Medical applications are a surgical fit for 2 µm lasers

Dec. 14, 2022
Lasers in this wavelength range have become more stable, efficient, cost-effective, and simple to use than ever before, prompting increased incorporation into medical and surgical applications.

Lasers have become essential for a wide range of industries, including medical applications. For many use cases, laser-based surgery improves accuracy compared to that of a scalpel, reduces the chance of infection, and creates clean cuts from a variety of angles. While laser sources with output wavelengths from 1 to 1.5 µm are widely available and often used, significant advancements in 2 µm lasers have led to their rapidly increasing popularity.

Evolution of 2 µm lasers

The first 2 µm laser sources were large and expensive liquid-nitrogen-cooled devices. Today, 2 µm diode lasers can be as small as 30 mm long, with even smaller 2 µm fiber lasers available. Both pulsed and continuous-wave (CW) emission are achievable.

The two rare-earth elements most used as laser gain dopants for both CW and pulsed laser operation are thulium (Tm3+) and holmium (Ho3+). Ions from these elements are used to achieve laser emission in many different host crystals and glass fiber types. Thulium lasers prove to be a better option for CW operation, while holmium better aligns with pulsed and Q-switched lasers because of the higher gain of holmium-doped crystals. Another advantage of thulium lasers is that their ions can be excited using commercially available laser diodes with wavelengths of 800 nm. Holmium requires a 1.9 µm pump source to excite the ions.

2 µm absorption in water

2 µm laser sources are well-suited for precise surgical applications because of the high absorption of 2 µm wavelengths by water molecules, which comprise most biological tissue. The stretching and bending vibrations of water’s O-H bonds match the vibrational frequency of 2 µm laser pulses.

Determining the exact amount of absorption attributed to a specific vibrational mode is difficult because all these effects are coupled—the spike in absorption is easily observable. Water’s absorption spectrum and the depth of tissue penetration for different laser types is shown in Figure 1. At 2 µm, the combination of the absorption peak and penetration depth around 0.6 mm at 2 µm make this wavelength region optimal for laser surgery. There is another absorption peak at 3 µm, but the penetration depth at that wavelength is not high enough for surgical applications.

Coagulation under 2 µm radiation

2 µm lasers cause a small injury zone around 0.5 mm in size because of the high level of absorption. This improves the accuracy of cuts made during surgery with minimal damage to surrounding areas. Also, coagulation—when blood modifications form a clot by changing from a liquid to semi-solid state—happens during 2 µm radiation exposure (see Fig. 2). This clotting decreases the amount of bleeding, allowing surgery to be cleaner and more efficient.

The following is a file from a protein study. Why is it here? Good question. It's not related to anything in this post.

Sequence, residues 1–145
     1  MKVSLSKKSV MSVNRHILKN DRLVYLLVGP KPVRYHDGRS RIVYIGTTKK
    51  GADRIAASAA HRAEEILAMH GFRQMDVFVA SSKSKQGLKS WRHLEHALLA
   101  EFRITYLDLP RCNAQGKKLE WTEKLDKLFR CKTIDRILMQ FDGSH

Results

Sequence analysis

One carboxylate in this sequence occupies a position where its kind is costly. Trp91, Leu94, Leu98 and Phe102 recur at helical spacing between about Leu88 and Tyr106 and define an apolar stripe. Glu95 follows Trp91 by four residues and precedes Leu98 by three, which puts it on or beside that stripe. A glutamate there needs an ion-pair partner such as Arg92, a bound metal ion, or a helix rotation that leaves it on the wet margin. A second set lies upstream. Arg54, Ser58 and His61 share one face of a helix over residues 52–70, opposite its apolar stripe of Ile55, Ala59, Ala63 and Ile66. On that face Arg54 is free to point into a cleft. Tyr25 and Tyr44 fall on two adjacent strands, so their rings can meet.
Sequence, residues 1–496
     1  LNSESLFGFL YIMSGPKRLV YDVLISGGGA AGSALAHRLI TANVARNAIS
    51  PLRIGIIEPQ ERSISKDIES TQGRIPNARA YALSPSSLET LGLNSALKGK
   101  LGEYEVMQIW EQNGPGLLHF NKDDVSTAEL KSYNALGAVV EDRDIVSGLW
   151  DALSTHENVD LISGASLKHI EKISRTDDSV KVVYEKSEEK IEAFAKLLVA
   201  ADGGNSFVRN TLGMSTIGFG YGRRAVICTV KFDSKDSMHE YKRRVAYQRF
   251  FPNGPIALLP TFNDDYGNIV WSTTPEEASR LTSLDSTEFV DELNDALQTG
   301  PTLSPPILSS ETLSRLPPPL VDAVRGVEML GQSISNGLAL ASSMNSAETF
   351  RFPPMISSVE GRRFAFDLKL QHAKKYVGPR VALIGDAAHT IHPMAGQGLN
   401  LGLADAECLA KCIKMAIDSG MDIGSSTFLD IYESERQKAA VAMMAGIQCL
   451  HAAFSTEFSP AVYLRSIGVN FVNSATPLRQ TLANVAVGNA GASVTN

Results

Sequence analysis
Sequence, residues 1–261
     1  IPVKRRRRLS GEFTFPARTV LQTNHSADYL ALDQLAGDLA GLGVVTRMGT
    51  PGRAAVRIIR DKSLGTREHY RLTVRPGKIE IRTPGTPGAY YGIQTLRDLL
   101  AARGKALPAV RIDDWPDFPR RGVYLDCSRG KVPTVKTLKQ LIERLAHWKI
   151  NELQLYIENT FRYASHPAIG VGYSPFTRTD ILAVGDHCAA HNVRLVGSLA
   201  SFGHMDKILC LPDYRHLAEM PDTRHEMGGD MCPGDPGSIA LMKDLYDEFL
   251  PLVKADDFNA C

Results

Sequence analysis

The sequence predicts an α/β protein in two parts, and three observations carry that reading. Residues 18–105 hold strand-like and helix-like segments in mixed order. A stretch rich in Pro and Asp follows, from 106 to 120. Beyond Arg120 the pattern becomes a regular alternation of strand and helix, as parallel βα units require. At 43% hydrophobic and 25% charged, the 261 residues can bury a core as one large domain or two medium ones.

Other laser types lead to even more coagulation. However, too much clotting can cause complications after the surgical procedure. The coagulation level of 2 µm lasers is a beneficial middle-ground with a coagulation depth around 0.1 to 0.2 mm. This balances bleeding mitigation with thermal injury and the prevention of post-procedure complications. Because surgery is a very precise process, the depth of cuts needs to be finely controlled to reduce damage to the underlying tissue. The speed of cutting and vaporization of 2 µm also remain relatively constant no matter how vascular the biological tissue is, making 2 µm laser systems flexible for working with different types of tissues.

Eye safety, surgical applications

2 µm wavelengths are deemed safe for eye exposure—the typical range is around 1.4 to 2.4 µm, as these wavelengths are strongly absorbed in the vitreous body of the eye and do not reach the retina. The intensity threshold for irreversible eye damage of a 2 µm laser is also much higher than the threshold for shorter wavelengths such as 1 µm. But even with these safety benefits, 2 µm beams can still potentially damage other parts of the eye besides the retina, so all laser safety precautions should still be taken.

The properties of 2 µm lasers discussed above, including their relatively constant cutting and vaporization speed across many different tissue types, makes them ideal options for many different surgical applications. The table shows a wide variety of different use cases for these lasers spanning areas such as neurosurgery, ear/nose/throat, pneumology, spinal surgery, gynecology, urology, and arthroscopy. Erbium lasers with longer wavelengths including 2940 nm and 2790 nm are also used for acne removal and skin rejuvenation. 

Laser sources in the 2 µm spectral region have proven very useful in medicine applications. Their high absorption in biological tissue, small thermal injury zone, and eye-safe wavelengths will likely continue boosting their popularity and become more widely used for laser surgery.

About the Author

Cory Boone | Technical Marketing Manager, Edmund Optics

Cory Boone is the Technical Marketing Manager at Edmund Optics’ Barrington, NJ, USA office. He is responsible for managing the creation of technical marketing content, including application notes, published articles, web copy, email campaigns, video scripts, trade show materials, case studies, and other marketing literature. He plans the company’s technical content strategy and acts as the technical voice of the marketing department. Cory is also active in educational outreach and spreading general awareness of the optics industry. He received a B.S. in Optical Sciences and Engineering along with minors in Math and Material Science Engineering from the University of Arizona.

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